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Appointed as a pioneer country for digital rights, Tunisia is now working on a cyber crime law that is worrying its citizens.The leaked draft is claimed to be nebulous in its language and it contains severe sanctions that have been compared to Ben Ali's dictatorship and censorship.

The law has been presented by Tunisian authorities as the follow-up of the previous interim government; it aims to complete the legal framework of Tunisian digital policy enhancing online security and strengtheningthe Technical Telecommunication Agency's powers: those caught in “obscene acts and assaulting good morals online” will be sanctioned with a $ 2900 fine and imprisonment between 6 months up to 3 years; The Minister of Higher Education will be in charge of monitoring social media to detect suspicious activities that may be related to terrorism; Public authorities will be provided with extensive powers to inspect public and private databases.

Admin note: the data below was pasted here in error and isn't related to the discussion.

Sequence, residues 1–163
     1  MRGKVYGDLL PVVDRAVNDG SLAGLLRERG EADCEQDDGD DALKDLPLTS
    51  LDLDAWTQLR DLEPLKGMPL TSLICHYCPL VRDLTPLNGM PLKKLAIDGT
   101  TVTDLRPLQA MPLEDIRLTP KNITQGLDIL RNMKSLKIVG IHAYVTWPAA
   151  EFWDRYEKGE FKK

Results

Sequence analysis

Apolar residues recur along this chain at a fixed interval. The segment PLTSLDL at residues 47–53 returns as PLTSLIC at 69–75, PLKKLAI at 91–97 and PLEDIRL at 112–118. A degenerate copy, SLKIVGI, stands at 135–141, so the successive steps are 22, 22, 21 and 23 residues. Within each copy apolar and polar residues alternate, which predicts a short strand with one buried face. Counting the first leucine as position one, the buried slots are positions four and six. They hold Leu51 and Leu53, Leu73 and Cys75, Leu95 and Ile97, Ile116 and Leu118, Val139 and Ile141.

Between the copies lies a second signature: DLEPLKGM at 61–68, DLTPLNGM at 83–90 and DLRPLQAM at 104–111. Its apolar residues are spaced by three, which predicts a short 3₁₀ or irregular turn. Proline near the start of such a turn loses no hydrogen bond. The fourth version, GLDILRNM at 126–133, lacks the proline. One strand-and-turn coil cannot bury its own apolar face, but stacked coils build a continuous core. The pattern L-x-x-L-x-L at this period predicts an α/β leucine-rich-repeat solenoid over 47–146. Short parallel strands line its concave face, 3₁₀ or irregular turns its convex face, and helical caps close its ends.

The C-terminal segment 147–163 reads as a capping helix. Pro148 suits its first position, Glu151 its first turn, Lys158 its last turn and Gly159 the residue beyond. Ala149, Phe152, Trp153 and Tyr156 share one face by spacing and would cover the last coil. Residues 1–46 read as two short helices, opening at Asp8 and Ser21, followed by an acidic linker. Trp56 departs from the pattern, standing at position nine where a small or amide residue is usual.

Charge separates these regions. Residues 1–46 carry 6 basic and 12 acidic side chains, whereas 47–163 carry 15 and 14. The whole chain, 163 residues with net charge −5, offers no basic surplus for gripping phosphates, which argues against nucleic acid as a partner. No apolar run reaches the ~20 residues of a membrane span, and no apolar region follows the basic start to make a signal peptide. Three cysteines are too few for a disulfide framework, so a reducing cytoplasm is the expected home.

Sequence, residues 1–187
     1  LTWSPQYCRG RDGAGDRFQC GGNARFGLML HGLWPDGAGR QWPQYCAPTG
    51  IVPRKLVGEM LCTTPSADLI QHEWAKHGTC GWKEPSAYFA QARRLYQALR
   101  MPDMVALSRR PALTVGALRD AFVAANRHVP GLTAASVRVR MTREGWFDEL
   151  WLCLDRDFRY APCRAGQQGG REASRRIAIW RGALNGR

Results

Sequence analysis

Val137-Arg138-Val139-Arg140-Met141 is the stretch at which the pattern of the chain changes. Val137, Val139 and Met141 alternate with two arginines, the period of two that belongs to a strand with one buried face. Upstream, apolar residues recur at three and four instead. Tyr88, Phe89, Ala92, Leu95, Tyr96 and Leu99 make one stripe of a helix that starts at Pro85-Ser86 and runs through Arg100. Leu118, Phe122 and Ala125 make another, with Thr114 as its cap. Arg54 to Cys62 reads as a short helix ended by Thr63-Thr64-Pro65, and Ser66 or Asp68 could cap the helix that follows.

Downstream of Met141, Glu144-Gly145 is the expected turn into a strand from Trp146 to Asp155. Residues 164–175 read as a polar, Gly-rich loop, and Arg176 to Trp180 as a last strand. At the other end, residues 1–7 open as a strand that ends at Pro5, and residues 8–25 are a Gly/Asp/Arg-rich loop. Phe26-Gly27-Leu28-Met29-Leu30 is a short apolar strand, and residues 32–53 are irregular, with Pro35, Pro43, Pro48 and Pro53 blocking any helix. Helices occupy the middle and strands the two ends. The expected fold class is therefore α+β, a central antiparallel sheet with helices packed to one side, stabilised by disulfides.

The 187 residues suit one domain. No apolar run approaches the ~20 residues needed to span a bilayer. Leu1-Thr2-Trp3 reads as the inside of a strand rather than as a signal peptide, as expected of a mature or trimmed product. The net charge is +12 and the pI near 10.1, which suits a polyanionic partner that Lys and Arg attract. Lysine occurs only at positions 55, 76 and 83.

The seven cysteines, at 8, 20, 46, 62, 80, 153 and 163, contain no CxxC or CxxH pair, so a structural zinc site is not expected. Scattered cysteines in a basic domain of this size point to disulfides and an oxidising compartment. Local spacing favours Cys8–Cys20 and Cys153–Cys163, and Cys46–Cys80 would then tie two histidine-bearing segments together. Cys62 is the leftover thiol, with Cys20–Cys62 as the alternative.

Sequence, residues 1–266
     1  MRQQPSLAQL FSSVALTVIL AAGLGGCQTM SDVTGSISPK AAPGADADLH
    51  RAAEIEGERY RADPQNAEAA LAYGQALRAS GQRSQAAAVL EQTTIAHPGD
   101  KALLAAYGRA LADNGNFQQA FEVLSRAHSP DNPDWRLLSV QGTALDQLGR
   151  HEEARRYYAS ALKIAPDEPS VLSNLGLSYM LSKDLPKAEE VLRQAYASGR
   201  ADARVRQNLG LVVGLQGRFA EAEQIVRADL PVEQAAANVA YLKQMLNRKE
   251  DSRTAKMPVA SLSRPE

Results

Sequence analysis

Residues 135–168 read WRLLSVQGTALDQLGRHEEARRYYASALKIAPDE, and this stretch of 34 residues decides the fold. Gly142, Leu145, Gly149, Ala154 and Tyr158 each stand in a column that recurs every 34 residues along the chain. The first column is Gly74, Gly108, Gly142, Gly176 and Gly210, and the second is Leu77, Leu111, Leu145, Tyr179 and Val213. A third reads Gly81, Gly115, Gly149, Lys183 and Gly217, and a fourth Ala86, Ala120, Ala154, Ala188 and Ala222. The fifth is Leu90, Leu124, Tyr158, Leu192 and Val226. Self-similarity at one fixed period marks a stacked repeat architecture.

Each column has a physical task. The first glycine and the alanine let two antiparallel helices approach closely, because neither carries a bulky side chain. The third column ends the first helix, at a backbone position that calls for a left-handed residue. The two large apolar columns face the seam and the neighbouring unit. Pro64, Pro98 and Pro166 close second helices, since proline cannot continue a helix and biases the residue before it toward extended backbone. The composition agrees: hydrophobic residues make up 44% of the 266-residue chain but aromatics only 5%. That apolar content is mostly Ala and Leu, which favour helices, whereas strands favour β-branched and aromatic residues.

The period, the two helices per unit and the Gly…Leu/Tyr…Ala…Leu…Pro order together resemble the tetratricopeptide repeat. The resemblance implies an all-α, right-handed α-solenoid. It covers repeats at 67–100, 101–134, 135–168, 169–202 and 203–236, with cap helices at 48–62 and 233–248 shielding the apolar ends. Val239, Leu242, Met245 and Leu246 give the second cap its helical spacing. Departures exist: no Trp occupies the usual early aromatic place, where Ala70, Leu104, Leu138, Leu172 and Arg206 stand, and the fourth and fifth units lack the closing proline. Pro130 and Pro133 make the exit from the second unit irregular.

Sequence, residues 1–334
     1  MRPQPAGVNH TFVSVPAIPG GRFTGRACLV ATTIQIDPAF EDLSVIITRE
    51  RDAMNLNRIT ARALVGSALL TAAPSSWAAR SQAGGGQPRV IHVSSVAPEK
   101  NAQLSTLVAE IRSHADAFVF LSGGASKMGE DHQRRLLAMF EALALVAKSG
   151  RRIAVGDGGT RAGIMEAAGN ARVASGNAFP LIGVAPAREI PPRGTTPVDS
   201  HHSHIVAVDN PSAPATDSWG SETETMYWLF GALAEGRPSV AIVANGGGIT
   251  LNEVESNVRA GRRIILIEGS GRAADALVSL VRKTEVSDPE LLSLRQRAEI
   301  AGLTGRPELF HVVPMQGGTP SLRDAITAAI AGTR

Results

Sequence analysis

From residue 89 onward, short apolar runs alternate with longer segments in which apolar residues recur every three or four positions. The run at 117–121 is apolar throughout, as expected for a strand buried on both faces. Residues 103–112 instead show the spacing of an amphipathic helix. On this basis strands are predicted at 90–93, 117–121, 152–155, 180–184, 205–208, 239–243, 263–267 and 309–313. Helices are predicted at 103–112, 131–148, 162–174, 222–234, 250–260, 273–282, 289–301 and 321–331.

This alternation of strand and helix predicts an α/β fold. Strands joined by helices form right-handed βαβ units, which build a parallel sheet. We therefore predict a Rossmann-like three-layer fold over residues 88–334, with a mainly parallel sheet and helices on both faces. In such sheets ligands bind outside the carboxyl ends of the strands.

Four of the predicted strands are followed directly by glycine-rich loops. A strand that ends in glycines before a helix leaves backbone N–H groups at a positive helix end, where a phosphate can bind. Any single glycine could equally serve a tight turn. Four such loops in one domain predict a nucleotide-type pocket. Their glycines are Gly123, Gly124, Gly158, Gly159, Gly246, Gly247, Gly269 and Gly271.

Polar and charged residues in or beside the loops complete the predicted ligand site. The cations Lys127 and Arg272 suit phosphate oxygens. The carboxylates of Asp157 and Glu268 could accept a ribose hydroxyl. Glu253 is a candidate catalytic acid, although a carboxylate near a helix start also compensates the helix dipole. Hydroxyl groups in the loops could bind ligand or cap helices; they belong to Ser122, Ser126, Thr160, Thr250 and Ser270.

The government affirms the importance of this law in order to prevent and fight terrorism, nonetheless, many Tunisians fears that it could pave the way to abuses, ruining the enormous progress the country has made after the revolution.


The gLAWcal Team

LIBEAC project

Thursday, 21 August 2014

(Source: VPN Creative)

This news has been realized by gLAWcal—Global Law Initiatives for Sustainable Development in collaboration with the University Institute of European Studies (IUSE) in Turin, Italy and the University of Piemonte Orientale, Novara, Italy which are both beneficiaries of the European Union Research Executive Agency IRSES Project “Liberalism in Between Europe And China” (LIBEAC) coordinated by Aix-Marseille University (CEPERC). This work has been realized in the framework of Workpackages 4, coordinated by University Institute of European Studies (IUSE) in Turin, Italy.